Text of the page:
OLYMPIA — Gov. Jay Inslee Thursday called on Washington state lawmakers to pass legislation making it a gross misdemeanor for some to spread lies about election results and warned of an ongoing danger to the nation’s democratic system.
During a legislative preview event, the governor spoke forcefully against what he called “a continuing coup” by former President Donald Trump and those who have embraced conspiracy theories about unfounded election fraud.
Trump, Inslee said, “is still intent on continuing this coup effort.”
“And we have to realize, unfortunately, it’s not just in other states; it is right here in Washington state, this ongoing effort,” the governor added.
Thursday’s event — which also included panels of state lawmakers — fell on the one-year anniversary of both the Capitol insurrection in Washington, D.C., and a protest in Olympia during which demonstrators breached the gate of the governor’s residence and chanted slogans on the lawn.
On Thursday, Republican House and Senate leaders also denounced the violence and ransacking at the Capitol building and the protest that day in Olympia.
“Political violence, regardless of the motivation, is wrong,” said Senate Minority Leader John Braun, R-Centralia.
“It was wrong when we saw it in the summer of 2020 in Seattle, it was wrong when we saw it in Olympia, it was wrong when we saw it in D.C.,” Braun added, referring to protests in Seattle in the wake of the murder of George Floyd in Minneapolis.
On Thursday, Inslee spoke at length about the insurrection and his experience in Olympia last Jan. 6, when demonstrators protesting election results appeared at the governor’s residence. He was forced to leave and wear a protective vest that day.
The governor also cited three Republican state lawmakers who used taxpayer dollars last summer to attend a symposium on election fraud that trafficked in debunked conspiracy theories. Held by MyPillow CEO Mike Lindell, the event in South Dakota revealed no evidence of fraud in the November 2020 election, and even some of the experts Lindell had invited said the hacking data that he discussed was nonsensical.
Some Republicans have also embraced election-fraud conspiracies when Inslee in 2020 defeated GOP candidate Loren Culp.
After that election, Culp filed a lawsuit alleging fraud against then-Secretary of State Kim Wyman, a fellow Republican. That lawsuit was withdrawn after Attorney General Bob Ferguson announced he would seek legal sanctions for making meritless claims in a court of law.
Culp has since announced a bid for U.S. Congress against Rep. Dan Newhouse, R-Sunnyside.
In the wake of the events of the past year, Inslee announced Thursday he will support legislation that would make lies about election results by elected officials or candidates for office a gross misdemeanor. In Washington, a gross misdemeanor can bring confinement in county jail for as long as 364 days and a fine of as much as $5,000.
“It should not be legal in the state of Washington for elected officials or candidates for office to willfully lie about these election results,” Inslee said. The legislation is still being drafted and talks are underway with potential bill sponsors, he added. The 60-day legislative session begins Monday.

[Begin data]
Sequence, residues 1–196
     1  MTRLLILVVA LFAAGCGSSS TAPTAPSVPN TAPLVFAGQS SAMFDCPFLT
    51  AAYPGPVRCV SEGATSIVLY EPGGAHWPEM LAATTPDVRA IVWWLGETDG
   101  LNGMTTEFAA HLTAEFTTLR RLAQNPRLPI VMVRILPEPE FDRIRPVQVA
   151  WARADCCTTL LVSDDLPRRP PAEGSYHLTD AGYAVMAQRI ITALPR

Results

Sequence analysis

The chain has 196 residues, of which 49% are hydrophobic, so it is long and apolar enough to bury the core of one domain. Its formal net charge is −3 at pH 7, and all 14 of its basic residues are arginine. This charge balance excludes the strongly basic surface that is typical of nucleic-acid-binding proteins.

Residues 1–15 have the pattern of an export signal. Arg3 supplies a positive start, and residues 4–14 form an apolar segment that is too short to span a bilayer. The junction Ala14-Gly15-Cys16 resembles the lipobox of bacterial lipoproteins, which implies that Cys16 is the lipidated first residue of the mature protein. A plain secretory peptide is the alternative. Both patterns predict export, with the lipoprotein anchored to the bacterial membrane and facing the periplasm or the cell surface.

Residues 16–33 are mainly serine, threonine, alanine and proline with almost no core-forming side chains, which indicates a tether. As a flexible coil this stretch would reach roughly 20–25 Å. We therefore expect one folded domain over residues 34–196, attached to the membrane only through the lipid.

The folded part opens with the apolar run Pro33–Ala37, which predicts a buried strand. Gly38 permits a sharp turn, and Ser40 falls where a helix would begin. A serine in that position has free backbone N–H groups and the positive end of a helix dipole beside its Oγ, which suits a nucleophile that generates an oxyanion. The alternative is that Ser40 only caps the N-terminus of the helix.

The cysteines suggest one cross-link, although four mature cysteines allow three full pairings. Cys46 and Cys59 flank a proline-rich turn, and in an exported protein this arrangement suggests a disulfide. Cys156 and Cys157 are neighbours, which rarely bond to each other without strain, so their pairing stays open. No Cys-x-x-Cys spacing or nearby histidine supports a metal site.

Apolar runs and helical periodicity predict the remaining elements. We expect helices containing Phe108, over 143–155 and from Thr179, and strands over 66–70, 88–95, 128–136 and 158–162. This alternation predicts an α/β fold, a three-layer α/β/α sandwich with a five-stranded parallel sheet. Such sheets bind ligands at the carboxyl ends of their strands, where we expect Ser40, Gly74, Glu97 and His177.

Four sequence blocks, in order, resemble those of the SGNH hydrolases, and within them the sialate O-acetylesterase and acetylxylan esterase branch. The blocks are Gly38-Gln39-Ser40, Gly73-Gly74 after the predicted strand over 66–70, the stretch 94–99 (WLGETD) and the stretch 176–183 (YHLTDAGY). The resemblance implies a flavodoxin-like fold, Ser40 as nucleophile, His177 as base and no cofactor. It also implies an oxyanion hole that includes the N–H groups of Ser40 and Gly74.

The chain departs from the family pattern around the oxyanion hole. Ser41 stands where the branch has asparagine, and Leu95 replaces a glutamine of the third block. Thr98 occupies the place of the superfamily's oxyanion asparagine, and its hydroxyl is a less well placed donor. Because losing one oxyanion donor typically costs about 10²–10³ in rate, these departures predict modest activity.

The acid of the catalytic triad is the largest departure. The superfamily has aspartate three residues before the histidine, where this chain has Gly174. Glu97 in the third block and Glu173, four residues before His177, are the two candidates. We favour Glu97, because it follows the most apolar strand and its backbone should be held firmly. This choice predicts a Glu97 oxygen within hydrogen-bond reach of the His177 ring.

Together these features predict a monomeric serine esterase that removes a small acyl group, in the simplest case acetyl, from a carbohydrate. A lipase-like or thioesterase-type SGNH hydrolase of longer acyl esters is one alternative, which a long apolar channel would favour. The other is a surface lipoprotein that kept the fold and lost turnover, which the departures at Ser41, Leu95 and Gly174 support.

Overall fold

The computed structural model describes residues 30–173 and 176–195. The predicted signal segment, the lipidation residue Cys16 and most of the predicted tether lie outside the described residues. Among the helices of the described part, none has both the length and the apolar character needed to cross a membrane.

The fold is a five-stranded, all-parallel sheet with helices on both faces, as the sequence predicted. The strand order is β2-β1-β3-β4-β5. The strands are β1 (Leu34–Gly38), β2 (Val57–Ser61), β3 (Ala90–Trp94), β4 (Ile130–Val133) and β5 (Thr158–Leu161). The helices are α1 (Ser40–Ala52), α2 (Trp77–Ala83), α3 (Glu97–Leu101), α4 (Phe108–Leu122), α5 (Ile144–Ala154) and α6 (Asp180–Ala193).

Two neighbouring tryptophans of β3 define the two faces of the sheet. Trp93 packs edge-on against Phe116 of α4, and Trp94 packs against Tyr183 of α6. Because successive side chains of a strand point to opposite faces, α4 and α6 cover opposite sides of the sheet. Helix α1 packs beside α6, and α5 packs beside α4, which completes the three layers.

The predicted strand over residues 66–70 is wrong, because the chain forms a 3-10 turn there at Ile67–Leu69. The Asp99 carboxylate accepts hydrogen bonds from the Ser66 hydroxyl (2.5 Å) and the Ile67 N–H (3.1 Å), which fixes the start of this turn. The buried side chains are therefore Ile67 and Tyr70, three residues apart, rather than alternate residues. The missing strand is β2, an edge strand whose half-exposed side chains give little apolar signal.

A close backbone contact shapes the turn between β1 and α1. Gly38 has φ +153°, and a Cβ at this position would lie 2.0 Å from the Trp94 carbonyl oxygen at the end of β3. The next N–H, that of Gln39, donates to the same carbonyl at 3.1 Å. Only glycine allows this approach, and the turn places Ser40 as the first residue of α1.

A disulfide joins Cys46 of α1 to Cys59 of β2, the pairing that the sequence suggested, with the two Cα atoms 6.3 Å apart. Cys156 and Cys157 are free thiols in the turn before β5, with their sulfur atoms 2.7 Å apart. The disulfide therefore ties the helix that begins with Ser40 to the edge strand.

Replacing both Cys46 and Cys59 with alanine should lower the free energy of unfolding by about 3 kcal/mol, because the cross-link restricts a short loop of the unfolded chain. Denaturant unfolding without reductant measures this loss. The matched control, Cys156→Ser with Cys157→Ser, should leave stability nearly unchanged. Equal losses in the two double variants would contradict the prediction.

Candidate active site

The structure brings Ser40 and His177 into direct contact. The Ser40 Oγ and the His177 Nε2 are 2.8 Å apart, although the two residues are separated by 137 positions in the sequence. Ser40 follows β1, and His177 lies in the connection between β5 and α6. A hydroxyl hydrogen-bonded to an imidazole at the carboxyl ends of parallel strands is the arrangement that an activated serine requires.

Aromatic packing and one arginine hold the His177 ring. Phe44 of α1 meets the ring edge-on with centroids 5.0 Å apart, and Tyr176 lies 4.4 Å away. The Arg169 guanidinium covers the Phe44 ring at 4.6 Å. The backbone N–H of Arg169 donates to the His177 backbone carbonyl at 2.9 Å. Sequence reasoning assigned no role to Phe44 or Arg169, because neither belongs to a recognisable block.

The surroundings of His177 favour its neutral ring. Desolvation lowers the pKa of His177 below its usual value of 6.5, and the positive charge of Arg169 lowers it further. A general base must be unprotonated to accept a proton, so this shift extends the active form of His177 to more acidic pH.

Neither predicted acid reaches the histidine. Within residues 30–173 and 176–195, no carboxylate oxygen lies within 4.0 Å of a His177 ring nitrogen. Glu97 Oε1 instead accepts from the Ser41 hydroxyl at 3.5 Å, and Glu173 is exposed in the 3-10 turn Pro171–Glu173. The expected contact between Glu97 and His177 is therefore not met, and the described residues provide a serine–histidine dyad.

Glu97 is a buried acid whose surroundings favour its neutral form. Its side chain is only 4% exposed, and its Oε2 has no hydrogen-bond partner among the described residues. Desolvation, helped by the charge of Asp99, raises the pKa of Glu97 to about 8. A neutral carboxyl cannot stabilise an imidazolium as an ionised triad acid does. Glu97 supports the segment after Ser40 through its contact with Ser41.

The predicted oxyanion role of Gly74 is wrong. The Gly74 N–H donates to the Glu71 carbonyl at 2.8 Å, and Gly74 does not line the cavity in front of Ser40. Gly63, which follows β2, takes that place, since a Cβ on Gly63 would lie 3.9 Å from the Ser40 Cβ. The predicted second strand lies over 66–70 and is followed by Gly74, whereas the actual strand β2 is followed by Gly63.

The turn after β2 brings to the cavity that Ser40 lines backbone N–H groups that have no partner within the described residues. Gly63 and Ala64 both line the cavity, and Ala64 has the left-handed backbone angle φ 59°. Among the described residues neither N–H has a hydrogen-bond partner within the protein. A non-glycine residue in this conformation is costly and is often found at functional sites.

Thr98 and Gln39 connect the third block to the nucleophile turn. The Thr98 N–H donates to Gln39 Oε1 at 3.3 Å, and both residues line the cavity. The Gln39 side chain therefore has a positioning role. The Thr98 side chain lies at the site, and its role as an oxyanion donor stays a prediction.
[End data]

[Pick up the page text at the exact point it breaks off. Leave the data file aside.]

In an interview Thursday afternoon, the governor said that for the gross misdemeanor to kick in, there would have to be “knowledge that there’s potential to create violence.”
For that reason, Inslee said he believes it’s constitutional and won’t run afoul of prior court rulings.
It’s not clear whether such a proposal would indeed pass constitutional muster, as the Washington State Supreme Court has in the past rejected efforts to ban lies by political candidates.
In a 2007 decision, a majority of the court struck down a law barring candidates from deliberately making false statements about their opponents, ruling it violated the First Amendment guarantee of free speech. The 5-4 decision was regarding a case of a candidate who was fined $1,000 by the state Public Disclosure Commission for false claims about a state senator the candidate was challenging.
Calling the law a “censorious scheme,” then-Justice James Johnson, writing for the majority, wrote “The notion that the government, rather than the people, may be the final arbiter of truth in political debate is fundamentally at odds with the First Amendment.”
In a dissent, Justice Barbara Madsen called the majority decision “an invitation to lie with impunity.” She added that it would benefit “those who would turn political campaigns into contests of the best stratagems of lies and deceit, to the end that honest discourse and honest candidates are lost in the maelstrom.”
In a separate statement Thursday, Inslee cited that ruling, saying his forthcoming bill is different. The ruling, he said, addresses false statements made by one candidate about another, while “this legislation is not about what candidates say about each other.”
State Rep. Drew Stokesbary, R-Auburn, criticized the proposal.
“You combat bad speech with better speech, not criminal sanctions. Threatening to jail people for political speech is as dangerous to our democracy as questioning election results,” he wrote on Twitter.
In a text message, House Republican Minority Leader J.T. Wilcox, R-Yelm, wrote that, “criminalizing speech seems counterproductive.”